Epiclesis! Such a priestly prayer, which is for all of us to pray always in the “liturgy of life,” to me resembles hungry baby birds in the nest begging, stretching, pleading, clamoring desperately when the parent comes with food. Not because they don’t believe the parent wishes to feed them, but because they believe she does. But there’s more here. It was Jean Vanier who, years ago, made for me the astonishing link between this Greek word for the human cry to God (epiclesisand the Greek word Jesus uses to name the coming-Spirit, the Paraclete. Both words contain the verb kalein, “to call/cry out.” As Vanier says,

The cry for communion in the poor and the broken makes us touch our own inner pain. We discover our own brokenness and the barriers inside of us, which have gradually been formed during our childhood to save us from inner pain. These barriers prevent us from being present to others, in communion with others; they incite us to compete and to dominate others. It is when we have realized this that we cry out to God. And then we meet the “Paraclete” (Holy Spirit) whom Jesus and the Father have promised to send us. The word “paracleta” means “the one who answers the cry.”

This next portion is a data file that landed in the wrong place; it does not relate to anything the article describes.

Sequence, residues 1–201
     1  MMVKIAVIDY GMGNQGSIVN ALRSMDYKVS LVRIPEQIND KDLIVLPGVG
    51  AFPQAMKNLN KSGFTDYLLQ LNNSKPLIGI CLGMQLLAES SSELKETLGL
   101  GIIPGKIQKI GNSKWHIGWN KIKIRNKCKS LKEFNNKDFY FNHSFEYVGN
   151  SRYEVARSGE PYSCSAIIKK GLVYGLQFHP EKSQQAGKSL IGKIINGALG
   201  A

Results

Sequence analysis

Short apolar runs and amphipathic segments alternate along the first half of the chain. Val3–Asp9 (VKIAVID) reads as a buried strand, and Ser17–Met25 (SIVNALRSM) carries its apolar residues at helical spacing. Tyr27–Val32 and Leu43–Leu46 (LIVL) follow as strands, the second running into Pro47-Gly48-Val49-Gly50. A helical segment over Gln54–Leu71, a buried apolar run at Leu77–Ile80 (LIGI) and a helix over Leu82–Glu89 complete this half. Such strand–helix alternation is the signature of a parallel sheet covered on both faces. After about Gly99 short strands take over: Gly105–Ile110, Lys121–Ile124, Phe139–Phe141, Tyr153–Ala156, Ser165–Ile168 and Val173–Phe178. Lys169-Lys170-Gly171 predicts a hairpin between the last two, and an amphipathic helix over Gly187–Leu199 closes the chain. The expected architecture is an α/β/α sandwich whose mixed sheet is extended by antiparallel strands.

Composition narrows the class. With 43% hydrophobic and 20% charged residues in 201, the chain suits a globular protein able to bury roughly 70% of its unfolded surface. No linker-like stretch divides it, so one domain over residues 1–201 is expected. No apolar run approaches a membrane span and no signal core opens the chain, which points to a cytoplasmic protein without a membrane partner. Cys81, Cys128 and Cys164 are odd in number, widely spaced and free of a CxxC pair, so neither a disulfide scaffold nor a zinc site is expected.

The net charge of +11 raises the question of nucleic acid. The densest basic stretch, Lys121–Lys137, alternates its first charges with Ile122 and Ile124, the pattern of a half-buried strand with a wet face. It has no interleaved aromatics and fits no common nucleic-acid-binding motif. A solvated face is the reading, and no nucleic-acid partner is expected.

The Paraclete, then, is the presence of God under the form of epiclesis, crying out, yearning. My God!

In the Mass, the Paraclete comes and transubstantiates a bit of food and drink into the New Creation, which is itself the answer to every human cry for justice, mercy, peace, love, life… It is this form of Presence, effected by the meeting of cry-and-Answer, that we call Real in the Holy Eucharist, the Medicine of Immortality given to us by our crucified and risen God-with-us. He, the One who cried out from the Cross, is the One who, in the words of St. Maximus, “longs to be longed for, loves to be loved and desires to be desired.”